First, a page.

Castle that gave Calgary its name hits the real estate market
Regal home with a colourful history off Scotland's west coast can be yours for $1.2 million
The castle in Scotland that gave Calgary its name is up for sale — and for a castle, it's a bloody steal.
Calgary Castle is an "exceptional" castle "overlooking the white sands of Mull's Calgary Bay," according to the listing provided by Edinburgh realtors Strutt and Parker.
It's on the market with a floor price of around $1.2 million, or 695,000 pounds.
The castle, originally built in the 1700s and renovated in the 19th century by merchant navy captain Alan MacAskill, features a crenellated parapet, angled turrets, gothic-style windows and plenty of period details.
"It's a wonderful place with fabulous views over Calgary sands, which is a wonderful white beach with fabulous azure waters," Malcolm Leslie, Strutt and Parker's head of residential agency, told the Calgary Eyeopener.
"It's a fantastic place."
The eight-bedroom castle — plus a two-bedroom apartment — is located on 11.3 hectares on the Isle of Mull, part of the Inner Hebrides chain of islands off Scotland's west coast.
It's about 19 kilometres from the town of Tobermory, which has a whisky distillery, among other attractions.
"It would make an idyllic home, and while it offers the romanticism of island life, its proximity to Tobermory makes it a practical option, too," said Leslie.
There's a backstory to how that castle came to share its name with the southern Alberta city.
It seems that Colonel James Macleod — then commissioner of the North West Mounted Police, a precursor of the RCMP — was a guest at the castle in 1876.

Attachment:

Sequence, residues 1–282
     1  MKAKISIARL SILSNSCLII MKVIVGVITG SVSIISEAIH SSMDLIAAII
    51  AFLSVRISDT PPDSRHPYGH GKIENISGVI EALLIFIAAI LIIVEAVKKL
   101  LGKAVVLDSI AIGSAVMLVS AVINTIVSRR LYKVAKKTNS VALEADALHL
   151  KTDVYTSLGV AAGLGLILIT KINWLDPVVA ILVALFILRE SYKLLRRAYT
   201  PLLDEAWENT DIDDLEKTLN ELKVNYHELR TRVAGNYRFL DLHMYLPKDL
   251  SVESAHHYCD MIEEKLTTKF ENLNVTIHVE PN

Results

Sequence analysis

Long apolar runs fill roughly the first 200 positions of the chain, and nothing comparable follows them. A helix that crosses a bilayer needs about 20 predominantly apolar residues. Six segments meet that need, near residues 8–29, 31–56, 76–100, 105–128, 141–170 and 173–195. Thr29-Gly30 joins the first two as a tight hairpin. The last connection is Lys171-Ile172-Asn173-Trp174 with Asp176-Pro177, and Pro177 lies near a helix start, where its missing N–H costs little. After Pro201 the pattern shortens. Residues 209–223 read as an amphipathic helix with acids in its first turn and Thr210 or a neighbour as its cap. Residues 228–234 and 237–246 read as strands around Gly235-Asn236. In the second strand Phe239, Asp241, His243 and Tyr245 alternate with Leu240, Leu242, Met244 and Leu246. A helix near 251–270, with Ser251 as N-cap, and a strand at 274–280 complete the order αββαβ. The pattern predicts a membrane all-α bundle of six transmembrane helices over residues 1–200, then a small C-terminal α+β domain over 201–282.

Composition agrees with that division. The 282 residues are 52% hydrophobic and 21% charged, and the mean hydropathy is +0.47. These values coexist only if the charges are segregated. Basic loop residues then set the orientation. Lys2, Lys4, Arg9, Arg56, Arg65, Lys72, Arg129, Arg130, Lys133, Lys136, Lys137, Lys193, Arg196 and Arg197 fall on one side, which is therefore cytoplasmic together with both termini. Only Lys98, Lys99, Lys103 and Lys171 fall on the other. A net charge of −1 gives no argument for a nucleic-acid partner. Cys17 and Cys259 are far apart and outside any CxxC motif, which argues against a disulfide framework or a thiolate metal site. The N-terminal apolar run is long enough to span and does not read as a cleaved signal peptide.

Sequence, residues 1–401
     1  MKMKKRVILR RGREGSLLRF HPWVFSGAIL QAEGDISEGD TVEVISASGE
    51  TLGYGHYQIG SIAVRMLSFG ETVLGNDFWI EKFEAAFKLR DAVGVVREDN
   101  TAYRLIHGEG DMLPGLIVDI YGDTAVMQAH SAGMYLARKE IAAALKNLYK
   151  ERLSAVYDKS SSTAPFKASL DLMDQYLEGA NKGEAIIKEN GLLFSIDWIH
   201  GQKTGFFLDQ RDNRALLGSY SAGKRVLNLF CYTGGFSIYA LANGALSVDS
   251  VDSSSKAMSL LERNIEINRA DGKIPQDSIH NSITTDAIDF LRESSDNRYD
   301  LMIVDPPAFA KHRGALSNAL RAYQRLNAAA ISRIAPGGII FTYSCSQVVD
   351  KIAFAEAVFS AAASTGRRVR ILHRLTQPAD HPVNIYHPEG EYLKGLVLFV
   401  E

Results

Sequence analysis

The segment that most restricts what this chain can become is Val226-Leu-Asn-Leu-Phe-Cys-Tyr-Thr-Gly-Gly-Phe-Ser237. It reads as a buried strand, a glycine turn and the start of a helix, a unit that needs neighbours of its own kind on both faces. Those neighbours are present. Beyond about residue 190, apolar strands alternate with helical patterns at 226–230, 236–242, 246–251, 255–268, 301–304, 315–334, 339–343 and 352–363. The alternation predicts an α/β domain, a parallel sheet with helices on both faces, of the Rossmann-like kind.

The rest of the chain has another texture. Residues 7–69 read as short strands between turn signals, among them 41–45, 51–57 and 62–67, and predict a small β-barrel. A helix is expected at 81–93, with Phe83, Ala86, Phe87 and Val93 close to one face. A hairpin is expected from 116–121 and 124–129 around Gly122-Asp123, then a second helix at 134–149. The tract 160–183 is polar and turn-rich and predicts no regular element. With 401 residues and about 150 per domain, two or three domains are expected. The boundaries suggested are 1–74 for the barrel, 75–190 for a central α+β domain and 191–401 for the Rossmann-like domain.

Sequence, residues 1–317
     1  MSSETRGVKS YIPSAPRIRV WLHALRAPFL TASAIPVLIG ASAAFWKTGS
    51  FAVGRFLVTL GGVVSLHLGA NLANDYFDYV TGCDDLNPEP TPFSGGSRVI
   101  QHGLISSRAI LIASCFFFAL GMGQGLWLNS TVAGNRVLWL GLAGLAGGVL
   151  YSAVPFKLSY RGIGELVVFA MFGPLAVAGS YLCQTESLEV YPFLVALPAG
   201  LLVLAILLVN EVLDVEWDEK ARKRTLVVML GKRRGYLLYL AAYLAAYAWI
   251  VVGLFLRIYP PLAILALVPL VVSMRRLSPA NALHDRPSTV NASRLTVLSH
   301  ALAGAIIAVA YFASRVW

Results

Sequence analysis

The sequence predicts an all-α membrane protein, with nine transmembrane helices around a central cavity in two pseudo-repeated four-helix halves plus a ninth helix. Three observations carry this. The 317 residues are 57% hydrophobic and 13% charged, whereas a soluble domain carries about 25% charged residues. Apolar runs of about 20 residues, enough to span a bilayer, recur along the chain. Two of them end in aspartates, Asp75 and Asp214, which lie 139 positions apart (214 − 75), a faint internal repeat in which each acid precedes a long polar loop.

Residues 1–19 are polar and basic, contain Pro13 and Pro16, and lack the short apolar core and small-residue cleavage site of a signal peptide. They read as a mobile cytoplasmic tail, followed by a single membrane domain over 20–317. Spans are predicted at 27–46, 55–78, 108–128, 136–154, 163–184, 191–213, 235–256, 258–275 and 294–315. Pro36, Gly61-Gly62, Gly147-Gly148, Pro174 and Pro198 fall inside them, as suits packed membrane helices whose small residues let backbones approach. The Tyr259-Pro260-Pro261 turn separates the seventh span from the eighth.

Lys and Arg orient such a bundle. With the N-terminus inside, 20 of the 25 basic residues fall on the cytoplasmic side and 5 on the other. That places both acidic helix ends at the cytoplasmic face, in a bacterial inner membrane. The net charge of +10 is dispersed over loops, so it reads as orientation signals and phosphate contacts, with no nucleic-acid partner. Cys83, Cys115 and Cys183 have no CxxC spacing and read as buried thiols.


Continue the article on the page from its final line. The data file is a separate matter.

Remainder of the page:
He so enjoyed his stay — allegedly falling for the daughter of the house — that upon his return to Canada, he decided to rename Fort Brisebois at the confluence of the Bow and Elbow rivers. It became Fort Calgary.
In Gaelic, Calgary roughly translates to "beach of the meadow."
Leslie says interest has been "brisk" since the listing went up last Friday.
"We've been inundated with requests and Mull is not the easiest place to get to … but we've got a lot of viewings, which we're currently lining up. Somebody is seeing it this afternoon," he said.
Leslie said whoever buys the castle will need deep pockets, estimating it needs $350,000 to $700,000 in renovations, plus the ongoing costs associated with a large seaside property.
The Eyeopener also spoke with Olive Brown from the Mull Museum up the road from the property, and she had a bit of deflating news for prospective buyers.
"It is called Calgary House and it was nicknamed Calgary Castle," she said. "But it isn't a castle. The castle bit is just a nickname."
Where did the nickname come from?
"Somebody just gave it that nickname, you know. Somebody that perhaps thought the person who built it was a bit above themselves."
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With files from the Calgary Eyeopener